North Central Region Sustainable Agriculture Research and Education (NCR-SARE) has distributed over $9 million to fund 313 grant projects in Michigan since 1988. Just in 2023, $1,318,142 in new funding will support 17 Michigan research and education projects. Follow the links below to learn more about the grants.
Farmer Rancher Grants
Four 2023 Farmer Rancher Grants have been awarded to improve yields and processing for staple crops at the homestead scale (Eleanor Hucker, Great Lakes Staple Seeds), improve water catchment and conservation for Detroit urban farmers (jøn kent, Sanctuary Farms), urban mushroom production (Tristen Sdchultz, McLaughlin Grows Urban Farm) and BCS management of no-till cover crops (Phillip Swartz, beyondsustainable.farm). Farmer Rancher Grants fund a diversity of much-needed farmer-led research projects.
Research and Education Grants
Three Michigan State University (MSU) researchers were awarded 2023 Research and Education Grants to study bovine leukemia virus (Tasia Kendrick), a non-chemical apple thinning method (Todd Einhorn), and pollinator strips for urban farms (Zsofia Szendrei).
Two 2023 Partnership Grants are funding work with the Seed to Kitchen Collaborative (James DeDecker, MSU) and butterfly conservation training for farmers (Meghan Milbrath, MSU). Partnership grants encourage collaboration between Extension, United States Department of Agriculture (USDA), state and non-profit agriculture professionals, and groups of farmers to work together on projects to move improve and promote sustainable farming.
Youth Educator Grants
Three 2023 Youth Educator Grants are funding learning opportunities for urban youth at New City Neighbors farm in Grand Rapids, WJP Farms in Detroit, and an after-school Farm Club for Detroit Public School students at the district’s Drew Farm. Youth educator grants help to inform and engage youth with gardening, farming, and agriculture career opportunities.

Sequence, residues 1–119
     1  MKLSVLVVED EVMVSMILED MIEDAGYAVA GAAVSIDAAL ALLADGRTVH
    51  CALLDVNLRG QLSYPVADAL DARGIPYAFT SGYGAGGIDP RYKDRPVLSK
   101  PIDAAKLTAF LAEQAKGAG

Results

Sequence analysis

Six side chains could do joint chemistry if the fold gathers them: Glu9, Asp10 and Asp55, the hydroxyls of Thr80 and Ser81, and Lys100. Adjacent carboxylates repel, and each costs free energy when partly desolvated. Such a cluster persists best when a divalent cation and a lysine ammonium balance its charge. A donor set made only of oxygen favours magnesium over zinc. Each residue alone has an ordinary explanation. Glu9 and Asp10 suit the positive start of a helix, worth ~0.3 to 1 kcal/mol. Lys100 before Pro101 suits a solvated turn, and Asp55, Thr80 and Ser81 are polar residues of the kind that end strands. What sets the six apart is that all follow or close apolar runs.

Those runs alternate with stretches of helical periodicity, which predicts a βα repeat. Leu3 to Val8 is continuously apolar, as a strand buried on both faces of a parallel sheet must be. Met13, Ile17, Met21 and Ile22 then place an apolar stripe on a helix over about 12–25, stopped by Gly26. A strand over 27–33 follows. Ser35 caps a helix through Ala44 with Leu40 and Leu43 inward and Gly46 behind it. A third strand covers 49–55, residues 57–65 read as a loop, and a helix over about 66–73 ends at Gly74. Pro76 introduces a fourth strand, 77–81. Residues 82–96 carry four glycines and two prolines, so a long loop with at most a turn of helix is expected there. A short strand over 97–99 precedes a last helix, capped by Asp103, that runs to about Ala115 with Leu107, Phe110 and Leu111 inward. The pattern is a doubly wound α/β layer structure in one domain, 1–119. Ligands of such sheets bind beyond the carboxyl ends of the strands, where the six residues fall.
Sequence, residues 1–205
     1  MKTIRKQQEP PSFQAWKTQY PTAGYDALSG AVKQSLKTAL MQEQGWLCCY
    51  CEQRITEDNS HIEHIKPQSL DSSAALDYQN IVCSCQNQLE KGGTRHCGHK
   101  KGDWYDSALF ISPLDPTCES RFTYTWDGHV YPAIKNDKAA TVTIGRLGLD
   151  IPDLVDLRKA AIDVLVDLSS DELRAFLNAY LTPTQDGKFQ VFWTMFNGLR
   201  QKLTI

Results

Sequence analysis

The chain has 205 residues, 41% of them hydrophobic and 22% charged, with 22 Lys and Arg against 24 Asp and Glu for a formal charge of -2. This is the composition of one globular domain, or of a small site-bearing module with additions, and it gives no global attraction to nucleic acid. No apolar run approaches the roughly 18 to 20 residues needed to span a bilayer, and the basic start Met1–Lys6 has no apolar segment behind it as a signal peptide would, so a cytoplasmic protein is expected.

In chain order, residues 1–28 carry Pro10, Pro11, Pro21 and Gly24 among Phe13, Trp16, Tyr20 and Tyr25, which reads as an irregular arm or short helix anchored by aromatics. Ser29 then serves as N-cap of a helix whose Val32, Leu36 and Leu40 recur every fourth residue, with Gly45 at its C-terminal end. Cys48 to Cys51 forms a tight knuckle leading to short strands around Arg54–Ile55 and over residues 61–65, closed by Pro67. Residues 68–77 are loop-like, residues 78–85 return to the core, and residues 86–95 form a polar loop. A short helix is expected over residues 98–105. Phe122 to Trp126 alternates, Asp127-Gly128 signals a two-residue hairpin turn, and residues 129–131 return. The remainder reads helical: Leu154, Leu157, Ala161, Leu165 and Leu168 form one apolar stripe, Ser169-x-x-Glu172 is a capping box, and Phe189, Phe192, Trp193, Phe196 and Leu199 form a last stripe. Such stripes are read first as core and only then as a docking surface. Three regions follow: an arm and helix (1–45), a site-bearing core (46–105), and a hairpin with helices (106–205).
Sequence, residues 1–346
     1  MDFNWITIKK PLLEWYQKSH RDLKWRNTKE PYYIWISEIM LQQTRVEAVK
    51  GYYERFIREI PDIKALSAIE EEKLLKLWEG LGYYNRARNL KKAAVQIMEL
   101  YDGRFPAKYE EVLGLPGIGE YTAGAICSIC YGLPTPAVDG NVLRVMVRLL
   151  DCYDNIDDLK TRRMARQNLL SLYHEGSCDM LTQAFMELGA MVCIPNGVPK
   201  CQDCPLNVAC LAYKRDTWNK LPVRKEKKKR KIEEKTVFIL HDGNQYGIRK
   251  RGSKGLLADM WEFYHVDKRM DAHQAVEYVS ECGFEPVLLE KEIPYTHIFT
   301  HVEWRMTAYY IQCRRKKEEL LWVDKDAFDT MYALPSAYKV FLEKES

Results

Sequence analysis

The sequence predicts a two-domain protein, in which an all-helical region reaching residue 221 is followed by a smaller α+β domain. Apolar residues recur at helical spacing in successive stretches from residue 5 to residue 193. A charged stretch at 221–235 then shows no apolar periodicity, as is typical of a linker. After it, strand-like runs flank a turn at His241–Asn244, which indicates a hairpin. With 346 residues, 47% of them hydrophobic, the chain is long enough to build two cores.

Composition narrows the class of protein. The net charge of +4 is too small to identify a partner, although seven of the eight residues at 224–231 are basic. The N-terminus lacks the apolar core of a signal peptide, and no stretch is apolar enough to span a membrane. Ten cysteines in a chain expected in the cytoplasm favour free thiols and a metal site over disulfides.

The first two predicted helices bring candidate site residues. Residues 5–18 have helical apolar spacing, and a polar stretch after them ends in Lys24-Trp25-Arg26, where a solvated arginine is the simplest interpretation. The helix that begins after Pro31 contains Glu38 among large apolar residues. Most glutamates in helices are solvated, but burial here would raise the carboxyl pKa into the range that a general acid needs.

Professional Development Grants
Three 2023 Professional Development Grants will be funding Soil Health Nexus trainings on livestock management for soil health (Michigan State University Extension), a food-grade grain production curriculum (Michigan Agriculture Advancement) and training agriculture educators to better understand and assist urban farmers (MSU Extension).
Graduate Student Grants
Two successful 2023 Graduate Student Grants will fund research on using low-cost NIR reflectometers to predict nitrogen levels (Sieglinde Snapp with student Rabin KC, MSU) and managing asparagus residue to reduce asparagus beetle damage (Zsofia Szendrei with student Laura Marmolejo).
Michigan SARE has funded several events through SARE mini-grants, including Underground Innovations, the Perennial Farm Ecosystem Workshop and the Organic Grains Conference.
SARE is a USDA program that shares numerous resources for farmers and agriculture educators including books, bulletins, videos and more. For more information about SARE grants and resources, visit the Michigan SARE or National SARE websites. The program aims to support an inclusive mix of farmers and does not discriminate on the basis of race, color, national origin, religion, sex, gender identity (including gender expression), sexual orientation, disability, age, marital status, family/parental status, income derived from a public assistance program or political beliefs.
Michigan SARE Coordinator Sarah Fronczak, Tribal SARE Coordinator Emily Proctor, and Katie Brandt from the MSU Organic Farmer Training Program are glad to advise applicants, review proposals, and support farmers, educators, and students applying for NCR-SARE grants. Grant-writing support is available free of charge for all six North Central SARE grants and for Michigan SARE mini-grants. Email firstname.lastname@example.org or email@example.com with questions, to have a proposal reviewed or to set up a time to discuss your proposal idea. Tribal members and communities are encouraged to reach out to Emily Proctor at firstname.lastname@example.org for assistance with SARE proposals.
This article was originally written by the Michigan Sustainable Agriculture Research and Education Program.
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